Oct 21, 2012

Dean Picks a Fight

As we watched the second Presidential debate last Tuesday, Dean sweated the details and served up a fine all-American meal.  Any similarities to the banquet food in Fight Club were pure coincidence.  Yes, the pureed soup was suspect, but we were assured that Dean's pumpkin and summer squash were all natural and all from his very own garden.  We had no such concerns about our New York strip steaks, roasted endives, native rice, and apple crumble, as all were quite excellent.

The Book
We chose Fight Club from a list of titles that invoked the nihilists of the 19th century and the existentialists of the 20th century.  Some of us quibbled with the writing, but the content left no one wanting.  Pahlaniuk's short novel based on a short story (originally, only 7 pages) about disillusioned men who converge on late night bars to brawl in private is more than simply a mood piece about Yuppie angst.

We argued about the  writing and its inconsistent delivery (with Dean praising the narration and chapter inversions, and Doug and I picking at its consciously disjointed, anecdotal style) and some of us were put off by a world none of us could fully fathom (except Stan, who called Fight Club the "epitome" of fiction) .  However, all of us were struck by the atavism of Tyler Durden--schizoid or not--with Paul phoning his kudos in from Austin, TX.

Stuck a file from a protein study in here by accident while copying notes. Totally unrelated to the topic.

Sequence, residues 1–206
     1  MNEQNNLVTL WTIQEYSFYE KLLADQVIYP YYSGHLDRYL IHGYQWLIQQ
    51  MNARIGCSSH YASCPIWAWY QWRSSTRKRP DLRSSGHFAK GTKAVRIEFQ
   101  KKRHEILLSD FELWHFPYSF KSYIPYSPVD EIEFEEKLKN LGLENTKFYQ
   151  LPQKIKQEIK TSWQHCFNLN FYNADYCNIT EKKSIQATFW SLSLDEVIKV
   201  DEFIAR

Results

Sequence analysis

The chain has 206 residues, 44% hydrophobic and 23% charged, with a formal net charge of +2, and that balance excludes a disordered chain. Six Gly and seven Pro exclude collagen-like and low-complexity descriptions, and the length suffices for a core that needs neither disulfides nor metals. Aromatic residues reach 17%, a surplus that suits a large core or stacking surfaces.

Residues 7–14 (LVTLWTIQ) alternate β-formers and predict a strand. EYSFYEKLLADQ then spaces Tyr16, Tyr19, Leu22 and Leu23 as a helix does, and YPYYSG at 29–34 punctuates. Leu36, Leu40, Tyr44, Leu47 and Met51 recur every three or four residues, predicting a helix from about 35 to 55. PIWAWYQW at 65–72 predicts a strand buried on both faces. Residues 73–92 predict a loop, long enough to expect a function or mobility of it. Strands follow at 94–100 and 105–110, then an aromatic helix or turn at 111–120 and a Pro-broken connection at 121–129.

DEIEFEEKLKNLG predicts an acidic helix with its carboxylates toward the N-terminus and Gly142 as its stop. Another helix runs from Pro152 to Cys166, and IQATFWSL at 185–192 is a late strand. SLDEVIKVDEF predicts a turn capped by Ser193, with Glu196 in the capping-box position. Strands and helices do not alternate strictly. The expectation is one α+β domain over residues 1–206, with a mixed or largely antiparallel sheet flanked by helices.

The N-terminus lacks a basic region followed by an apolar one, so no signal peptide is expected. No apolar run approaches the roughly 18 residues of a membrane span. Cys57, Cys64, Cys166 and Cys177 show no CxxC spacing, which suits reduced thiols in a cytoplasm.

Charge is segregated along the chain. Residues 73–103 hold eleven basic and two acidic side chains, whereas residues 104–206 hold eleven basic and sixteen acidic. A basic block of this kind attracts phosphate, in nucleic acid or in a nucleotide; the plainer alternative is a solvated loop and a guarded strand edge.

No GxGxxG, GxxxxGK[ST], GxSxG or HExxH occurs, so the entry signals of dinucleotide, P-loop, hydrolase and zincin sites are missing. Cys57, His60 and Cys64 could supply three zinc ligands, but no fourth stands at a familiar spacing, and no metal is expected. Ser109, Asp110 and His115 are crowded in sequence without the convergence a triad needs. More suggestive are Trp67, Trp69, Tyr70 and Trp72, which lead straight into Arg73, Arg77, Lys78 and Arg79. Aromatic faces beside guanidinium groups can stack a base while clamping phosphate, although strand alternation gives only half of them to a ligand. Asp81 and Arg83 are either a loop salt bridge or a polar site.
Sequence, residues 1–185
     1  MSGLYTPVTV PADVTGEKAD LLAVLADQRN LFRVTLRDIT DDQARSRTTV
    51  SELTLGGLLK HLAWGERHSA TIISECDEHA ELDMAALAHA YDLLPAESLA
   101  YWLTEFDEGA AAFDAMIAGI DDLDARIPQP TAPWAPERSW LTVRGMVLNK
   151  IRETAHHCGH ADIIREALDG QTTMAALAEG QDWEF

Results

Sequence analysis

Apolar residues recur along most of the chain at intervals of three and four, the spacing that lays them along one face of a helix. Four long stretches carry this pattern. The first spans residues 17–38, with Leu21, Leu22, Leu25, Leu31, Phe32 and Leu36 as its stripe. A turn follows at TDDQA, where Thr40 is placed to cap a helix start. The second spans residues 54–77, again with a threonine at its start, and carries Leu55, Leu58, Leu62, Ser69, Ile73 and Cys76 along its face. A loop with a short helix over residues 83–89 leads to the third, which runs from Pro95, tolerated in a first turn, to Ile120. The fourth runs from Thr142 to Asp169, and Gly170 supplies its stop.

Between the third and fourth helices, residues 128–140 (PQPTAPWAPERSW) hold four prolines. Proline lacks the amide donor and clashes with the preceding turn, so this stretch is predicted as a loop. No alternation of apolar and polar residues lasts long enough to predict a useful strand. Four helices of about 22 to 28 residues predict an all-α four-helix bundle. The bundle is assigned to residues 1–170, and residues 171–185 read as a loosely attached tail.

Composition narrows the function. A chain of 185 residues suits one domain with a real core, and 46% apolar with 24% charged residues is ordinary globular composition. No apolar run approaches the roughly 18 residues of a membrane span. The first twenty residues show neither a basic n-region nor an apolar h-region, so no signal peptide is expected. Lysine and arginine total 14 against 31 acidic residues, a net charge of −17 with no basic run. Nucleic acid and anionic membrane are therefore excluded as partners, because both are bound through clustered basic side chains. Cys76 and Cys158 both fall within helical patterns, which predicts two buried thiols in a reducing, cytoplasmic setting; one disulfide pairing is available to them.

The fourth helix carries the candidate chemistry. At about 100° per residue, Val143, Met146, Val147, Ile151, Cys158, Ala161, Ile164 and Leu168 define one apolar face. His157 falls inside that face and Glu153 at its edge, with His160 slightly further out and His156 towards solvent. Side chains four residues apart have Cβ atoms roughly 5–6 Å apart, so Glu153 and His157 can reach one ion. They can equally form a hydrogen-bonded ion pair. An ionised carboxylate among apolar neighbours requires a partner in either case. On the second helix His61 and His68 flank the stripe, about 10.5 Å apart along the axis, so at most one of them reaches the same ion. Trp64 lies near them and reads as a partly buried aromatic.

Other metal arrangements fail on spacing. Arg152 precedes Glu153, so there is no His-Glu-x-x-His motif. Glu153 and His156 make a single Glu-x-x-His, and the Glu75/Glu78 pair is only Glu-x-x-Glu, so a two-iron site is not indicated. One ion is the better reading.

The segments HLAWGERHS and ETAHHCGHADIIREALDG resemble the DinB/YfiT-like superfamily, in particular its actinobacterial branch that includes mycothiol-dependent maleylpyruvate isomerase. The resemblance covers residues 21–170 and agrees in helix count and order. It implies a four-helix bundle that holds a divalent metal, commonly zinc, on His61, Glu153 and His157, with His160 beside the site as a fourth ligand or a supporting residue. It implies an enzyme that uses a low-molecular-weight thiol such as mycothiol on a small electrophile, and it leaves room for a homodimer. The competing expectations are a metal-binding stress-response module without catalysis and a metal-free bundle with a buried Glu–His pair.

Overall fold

The story's hard edge lost a few of us, though.  Tom, uncharacteristically, refused to read beyond 50 pages, and normally complaisant Jack excoriated the book's characters for their lack of empathy.   (I think that was sort of the point, Jack.)

Our votes were generally favorable, but the 4's from Jack and Doug limited Fight Club to no better than a 7 in our ratings book.

Next Up
We don't have either our host or a title selected for November/December, but that will be quickly remedied.  Stay tuned for more.


  1. Long ago I promised Andrew that if he posted, I would comment, as a way of offering him (positive?) reinforcement. As this is Andrew's first post in about half a year, here goes.

    Upon further thought, I think FIght Club is a thinly veiled Marxist rewrite. Think about it -- you have a dissatisfied lower class. led to revolution by a middle class, and working to overthrow the "rich". Of course, it suffers from the same error Marx made -- that the middle class would somehow throw their lot in with the poor. Same error Marx made -- the middle class like their status quo.

    Or, perhaps this is even a metaphor for the current presidential contest. You decide.

  2. Ok Paul, I like the positive reinforcement. Keep it coming. As for the Marxist interpretation you offer, I don't see it. Sure, there's a strong element of class struggle, with all those rootless young waiters despoiling rich people's meals.. But Pahlaniuk offers us no explanation other than a vision of society stripped of modernity and on the verge of being reclaimed by nature. Certainly there's nothing redistributionist going on. I think that the rhetoric of the presidential campaign has influenced your thinking. In particular, your belief inGlenn Beck has led you to see socialists under the bed, in the closet, and now in the books you read!

  3. I have no idea of WTF you guys are writing about. Does there always have to be a meaning in a piece of literature or can I just like or dislike the GD book.